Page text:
Stress Resources- Library
The role of a caring relationship and endorphins.

While many people are vaguely aware that the blissful feelings one experiences after sex may be endorphin related, few are aware that endorphins are naturally produced by a wide range of activities like meditation, deep breathing, ribald laughter, eating spicy food, or receiving acupuncture treatments or chiropractic adjustments. Fewer still know that endorphins are actually good for health, and can play a role in helping drug and alcohol abusers overcome their addiction. Let's explore some of the dynamics of endorphins and how they affect our daily lives.

Q: What are Endorphins?
First discovered in 1975, endorphins ("endogenous morphine") is one of several morphine-like substances (opioids) discovered within our brains as recently as thirty years ago. Endorphins are polypeptides containing 30 amino acid units. Opioids are considered stress hormones like corticotrophin, cortisol, and catecholamines (adrenaline, noradrenaline), and are manufactured by the body to reduce stress and relieve pain. Usually produced during periods of extreme stress, endorphins naturally block pain signals produced by the nervous system. The human body produces at least 20 different endorphins with possible benefits and uses that researchers are investigating. Beta- endorphin appears to be the endorphin that seems to have the strongest affect on the brain and body during exercise; it is one kind of peptide hormone that is formed mainly by Tyrosine, an amino acid. The molecular structure is very similar to morphine but with different chemical properties.

Q: What do they do?
Although more research needs to be done, endorphins are believed to produce four key effects on the bodymind: they enhance the immune system, they relieve pain, they reduce stress, and postpone the aging process. Scientists also have found that beta-endorphins can activate human NK (Natural Killer) cells and boost the immune system against diseases and kill cancer cells.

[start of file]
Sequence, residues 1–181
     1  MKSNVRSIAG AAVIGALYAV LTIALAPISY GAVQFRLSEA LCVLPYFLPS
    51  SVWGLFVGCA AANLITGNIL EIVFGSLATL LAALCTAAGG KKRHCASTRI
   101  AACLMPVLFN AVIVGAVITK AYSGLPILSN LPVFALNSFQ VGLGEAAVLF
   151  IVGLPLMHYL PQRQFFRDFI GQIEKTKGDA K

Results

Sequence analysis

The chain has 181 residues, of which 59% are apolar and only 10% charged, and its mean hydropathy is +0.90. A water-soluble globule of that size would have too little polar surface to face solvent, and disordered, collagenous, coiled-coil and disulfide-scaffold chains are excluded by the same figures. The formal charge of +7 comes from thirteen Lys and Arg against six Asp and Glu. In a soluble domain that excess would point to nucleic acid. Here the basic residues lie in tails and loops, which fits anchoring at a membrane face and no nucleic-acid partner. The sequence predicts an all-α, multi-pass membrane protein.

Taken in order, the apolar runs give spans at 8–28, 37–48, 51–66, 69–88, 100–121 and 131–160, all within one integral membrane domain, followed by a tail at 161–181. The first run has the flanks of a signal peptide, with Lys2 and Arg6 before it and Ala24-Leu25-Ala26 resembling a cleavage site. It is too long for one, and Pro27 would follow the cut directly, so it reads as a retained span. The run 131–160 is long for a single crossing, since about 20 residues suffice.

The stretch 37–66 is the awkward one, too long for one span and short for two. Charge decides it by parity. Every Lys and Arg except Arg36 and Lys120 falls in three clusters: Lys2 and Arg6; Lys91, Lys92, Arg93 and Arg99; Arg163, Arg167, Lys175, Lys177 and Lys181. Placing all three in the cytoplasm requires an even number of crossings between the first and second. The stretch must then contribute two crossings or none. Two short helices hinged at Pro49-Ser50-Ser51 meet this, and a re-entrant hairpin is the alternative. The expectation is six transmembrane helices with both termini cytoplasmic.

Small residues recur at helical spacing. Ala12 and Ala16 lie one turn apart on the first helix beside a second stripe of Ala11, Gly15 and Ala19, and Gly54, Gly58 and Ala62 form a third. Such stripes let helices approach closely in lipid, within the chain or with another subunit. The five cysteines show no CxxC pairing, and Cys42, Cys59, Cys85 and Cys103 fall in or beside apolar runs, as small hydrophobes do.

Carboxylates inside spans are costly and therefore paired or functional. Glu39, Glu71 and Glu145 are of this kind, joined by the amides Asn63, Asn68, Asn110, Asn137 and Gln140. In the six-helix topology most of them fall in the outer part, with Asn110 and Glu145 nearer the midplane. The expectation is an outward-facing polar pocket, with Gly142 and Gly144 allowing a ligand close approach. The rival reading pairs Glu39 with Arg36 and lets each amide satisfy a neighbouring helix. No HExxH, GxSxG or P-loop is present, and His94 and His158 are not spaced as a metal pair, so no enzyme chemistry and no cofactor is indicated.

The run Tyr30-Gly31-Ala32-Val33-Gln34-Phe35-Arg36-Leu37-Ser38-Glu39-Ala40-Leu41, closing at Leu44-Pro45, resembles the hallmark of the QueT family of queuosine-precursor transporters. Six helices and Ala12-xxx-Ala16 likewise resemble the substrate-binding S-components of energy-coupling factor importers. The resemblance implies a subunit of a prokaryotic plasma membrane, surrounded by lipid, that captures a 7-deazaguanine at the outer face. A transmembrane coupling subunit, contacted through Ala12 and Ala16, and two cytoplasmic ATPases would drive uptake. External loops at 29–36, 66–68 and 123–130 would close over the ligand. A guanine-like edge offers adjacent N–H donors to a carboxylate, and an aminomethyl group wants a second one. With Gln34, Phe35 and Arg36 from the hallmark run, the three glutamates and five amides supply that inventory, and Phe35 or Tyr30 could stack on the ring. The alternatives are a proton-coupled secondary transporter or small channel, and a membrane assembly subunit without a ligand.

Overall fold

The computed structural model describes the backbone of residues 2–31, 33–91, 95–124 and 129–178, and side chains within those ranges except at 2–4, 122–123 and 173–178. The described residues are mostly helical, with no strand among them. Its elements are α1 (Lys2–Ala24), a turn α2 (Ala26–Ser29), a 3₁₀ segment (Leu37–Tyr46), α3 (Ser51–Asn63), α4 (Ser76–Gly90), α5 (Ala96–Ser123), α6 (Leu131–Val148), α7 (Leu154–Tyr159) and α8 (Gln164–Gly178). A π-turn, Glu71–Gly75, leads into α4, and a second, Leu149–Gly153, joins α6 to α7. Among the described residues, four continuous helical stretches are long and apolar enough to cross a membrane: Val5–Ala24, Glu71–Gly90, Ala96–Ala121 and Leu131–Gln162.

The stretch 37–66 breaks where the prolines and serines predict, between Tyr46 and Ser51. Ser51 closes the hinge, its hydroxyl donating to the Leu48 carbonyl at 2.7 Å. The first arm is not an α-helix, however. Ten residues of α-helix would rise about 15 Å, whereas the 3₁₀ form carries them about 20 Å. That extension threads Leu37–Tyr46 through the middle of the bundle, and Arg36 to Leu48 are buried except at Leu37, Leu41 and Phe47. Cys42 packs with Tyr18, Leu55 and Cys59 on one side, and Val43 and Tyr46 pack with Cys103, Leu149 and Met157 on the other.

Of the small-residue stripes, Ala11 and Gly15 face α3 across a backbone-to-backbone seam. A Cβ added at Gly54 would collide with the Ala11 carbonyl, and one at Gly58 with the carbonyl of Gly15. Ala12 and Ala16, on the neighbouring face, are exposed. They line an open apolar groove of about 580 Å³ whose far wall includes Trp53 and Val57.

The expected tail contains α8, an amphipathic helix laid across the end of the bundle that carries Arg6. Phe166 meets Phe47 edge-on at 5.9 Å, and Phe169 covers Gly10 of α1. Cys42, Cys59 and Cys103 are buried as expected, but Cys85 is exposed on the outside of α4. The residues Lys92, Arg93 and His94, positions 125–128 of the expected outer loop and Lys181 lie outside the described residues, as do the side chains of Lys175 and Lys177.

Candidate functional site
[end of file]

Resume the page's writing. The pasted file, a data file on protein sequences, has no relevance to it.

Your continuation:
Q: Are endorphins related to the famous "runner's high"?
A: In contrast to short-intensity workouts like sprinting or weightlifting, prolonged, continuous exercise like running, long-distance swimming, aerobics, cycling or cross-country skiing appears to contribute to an increased production and release of endorphins. This results in a sense of euphoria that has been popularly labeled the "runner's high." It also may contribute to what some athletes call a "second wind." Rather than feeling pain and exhaustion while running, endorphins may help us actually feel limber and energized towards the end of a race. According to William Straw, M.D., a team physician for the San Jose Sharks, "at some point you may feel a little more energetic and you can kick-in when you did not feel like you could kick-in before."

Q: Is a prescribed amount of exercise needed before endorphins are released?
A: Endorphins release varies according to the individual: one runner may have an endorphin rush (experienced as a second wind) after running for ten minutes, while another may need to run for thirty minutes before feeling a
second wind.

Q: What about endorphins and sex?
A: The blissful feeling one often experiences after making love is due to the body's production of endorphins: in fact, endorphin production can increase 200% from the beginning to the end of sexual activity. Recent studies, beginning with those of Candace Pert, Ph.D. of Johns Hopkins University, have documented the connection between orgasm and endorphins, although ongoing physical contact, and not just sex alone, also helps produce endorphins, along with the hormone oxytocin. Together, they are like natural opiates and help stabilize a relationship between a loving couple by inducing what famed obstetrician Michel Odent, of London's Primal Health

Research Center (whose book, The Scientification of Love, was published in England in 1999 and available through, calls "a druglike dependency." Although there are many reasons why two people choose to maintain a close and loving relationship, endorphins may be a factor.

Q: Is there a connection between good sex, endorphins and staying young?
A: Such a connection may indeed exist. In a 10-year study involving 3500 people, Dr. David Weeks, a neuropsychologist at the Royal Edinburgh Hospital and author of Secrets of the Super Young (Berkley, 1999) found that men and`women who have sex four to five times a week look more than 10 years younger than the average person, who has sex twice a week. Dr. Weeks believes that the pleasure derived from sex was a crucial factor in preserving youth. "It makes us happy and produces chemicals [endorphins and oxytocin] telling us so." However, he found that indulging in promiscuous sex did not have the same benefits of enjoying loving sex in a long-term relationship, and it was more likely to promote the aging process rather than reduce it.